Easton Events, Things to Do, Area GuideEaston Guide
Easton Alive on Facebook
Charities, conservation, events, festivals, concerts, fairs, recognition
Community News
Press Releases
Take a walk on the bottom of the sea!
3/2/2017 Volume XLVII, No. 9

What would it be like to walk on the ocean floor? You may be surprised to learn that about half of New Jersey was once the bottom of the sea!

Dr. Emile DeVito, New Jersey Conservation Foundation’s staff biologist, explained that at the end of the Cretaceous period 65 million years ago, when the Earth’s climate was much warmer, the Atlantic Ocean covered most of what today we call the Outer Coastal Plain.

New Jersey’s “high points” today - Mount Mitchell, Telegraph Hill, Arney’s Mount, Mt. Holly and other sandstone hills that dot the western boundary of the  Outer Coastal Plain – were river mouths and estuaries.

“A shallow ocean covered nearly all of southern New Jersey, and many thousands of feet of sand and clay - eroded from giant mountains to the northwest - accumulated on the seafloor over the eons,” Emile said. Tiny bits of mineral washed from the Adirondack Mountains and were carried down the ancient Hudson River, finally settling onto the ocean floor over a dozen miles inland from today’s barrier beaches.

Today, if you travel 15 miles westward from Long Beach Island, you’ll find unusual pine trees known as Pygmy Pines, near the tiny village of Warren Grove where Burlington and Ocean County meet. If you hike to the “hilltops,” which are really undulations in the ancient seafloor, you can see over the tops of the dwarf or Pygmy pine trees for miles!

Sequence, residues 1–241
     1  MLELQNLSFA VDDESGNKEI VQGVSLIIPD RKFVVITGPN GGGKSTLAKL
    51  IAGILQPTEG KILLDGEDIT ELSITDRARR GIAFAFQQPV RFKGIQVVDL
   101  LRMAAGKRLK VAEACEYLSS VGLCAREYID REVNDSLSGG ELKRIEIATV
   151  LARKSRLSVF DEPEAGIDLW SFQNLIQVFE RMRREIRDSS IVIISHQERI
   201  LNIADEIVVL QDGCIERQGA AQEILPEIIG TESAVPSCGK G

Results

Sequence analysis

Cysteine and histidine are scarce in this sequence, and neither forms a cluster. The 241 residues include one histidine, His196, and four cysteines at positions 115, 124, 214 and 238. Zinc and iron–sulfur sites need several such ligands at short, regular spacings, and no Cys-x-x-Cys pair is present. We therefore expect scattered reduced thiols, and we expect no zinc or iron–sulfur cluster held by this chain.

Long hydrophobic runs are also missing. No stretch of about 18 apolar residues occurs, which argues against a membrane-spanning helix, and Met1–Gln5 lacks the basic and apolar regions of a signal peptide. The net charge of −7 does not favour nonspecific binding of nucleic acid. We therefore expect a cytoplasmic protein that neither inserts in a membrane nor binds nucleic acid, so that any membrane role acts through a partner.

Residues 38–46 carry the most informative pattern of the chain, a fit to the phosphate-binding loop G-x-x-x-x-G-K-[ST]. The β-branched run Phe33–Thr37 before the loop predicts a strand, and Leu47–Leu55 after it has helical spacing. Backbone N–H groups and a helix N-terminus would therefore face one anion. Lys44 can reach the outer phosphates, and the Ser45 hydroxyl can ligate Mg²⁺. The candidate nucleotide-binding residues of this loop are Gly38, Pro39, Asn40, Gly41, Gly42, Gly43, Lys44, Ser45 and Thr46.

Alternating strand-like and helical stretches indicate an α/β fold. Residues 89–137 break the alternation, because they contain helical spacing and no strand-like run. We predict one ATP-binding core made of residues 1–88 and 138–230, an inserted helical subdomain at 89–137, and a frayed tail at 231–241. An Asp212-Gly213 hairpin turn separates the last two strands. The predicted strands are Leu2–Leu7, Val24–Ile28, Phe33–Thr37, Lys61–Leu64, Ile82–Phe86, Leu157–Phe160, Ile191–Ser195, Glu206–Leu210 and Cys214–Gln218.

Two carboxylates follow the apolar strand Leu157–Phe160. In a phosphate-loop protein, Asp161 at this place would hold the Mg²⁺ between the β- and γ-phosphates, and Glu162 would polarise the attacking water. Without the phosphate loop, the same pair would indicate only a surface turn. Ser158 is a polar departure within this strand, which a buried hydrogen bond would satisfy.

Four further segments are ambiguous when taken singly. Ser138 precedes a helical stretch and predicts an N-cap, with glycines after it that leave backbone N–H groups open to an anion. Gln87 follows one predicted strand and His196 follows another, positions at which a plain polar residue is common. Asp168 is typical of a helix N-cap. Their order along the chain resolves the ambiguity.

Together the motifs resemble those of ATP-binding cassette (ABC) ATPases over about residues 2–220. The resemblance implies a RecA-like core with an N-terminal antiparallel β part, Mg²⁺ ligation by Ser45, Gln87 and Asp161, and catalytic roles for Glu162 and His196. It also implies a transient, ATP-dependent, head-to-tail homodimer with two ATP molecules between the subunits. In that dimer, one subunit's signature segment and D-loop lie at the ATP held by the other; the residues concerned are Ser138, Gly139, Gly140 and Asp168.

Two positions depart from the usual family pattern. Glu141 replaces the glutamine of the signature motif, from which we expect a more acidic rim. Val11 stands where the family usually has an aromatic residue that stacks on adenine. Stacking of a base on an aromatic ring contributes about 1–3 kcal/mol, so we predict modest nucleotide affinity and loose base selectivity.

How did the ancient seafloor become today’s Pine Barrens?

In the last couple of million years, during the Paleolithic Era, the climate changed and polar ice caps grew immense. A series of glaciers advanced and receded every few hundred thousand years. Sea level dropped dramatically, exposing sand. When the sea retreated to its lowest level, New Jersey’s coastline was located dozens of miles east of its current location, out at the now submerged edge of the Hudson Canyon!

During the driest cold spells that lasted for thousands of years, Southern New Jersey was a polar desert, with unrelenting winds rolling off the glaciers to the north and sweeping south at up to hurricane force for months on end.

In this polar desert climate, the winds evaporated what little ice accumulated on the sandy soils. Sandstorms were frequent, blowing sands out of drying wetlands into tall dunes. These Paleolithic dunes can be found in the Pine Barrens today, and form critical habitat along with the wetland features that they often parallel.

As the ice retreated, these barren lands were blanketed with tundra-like grasses and shrubs, followed by spruce-fir forests like those of interior Canada, then finally covered by today’s familiar species.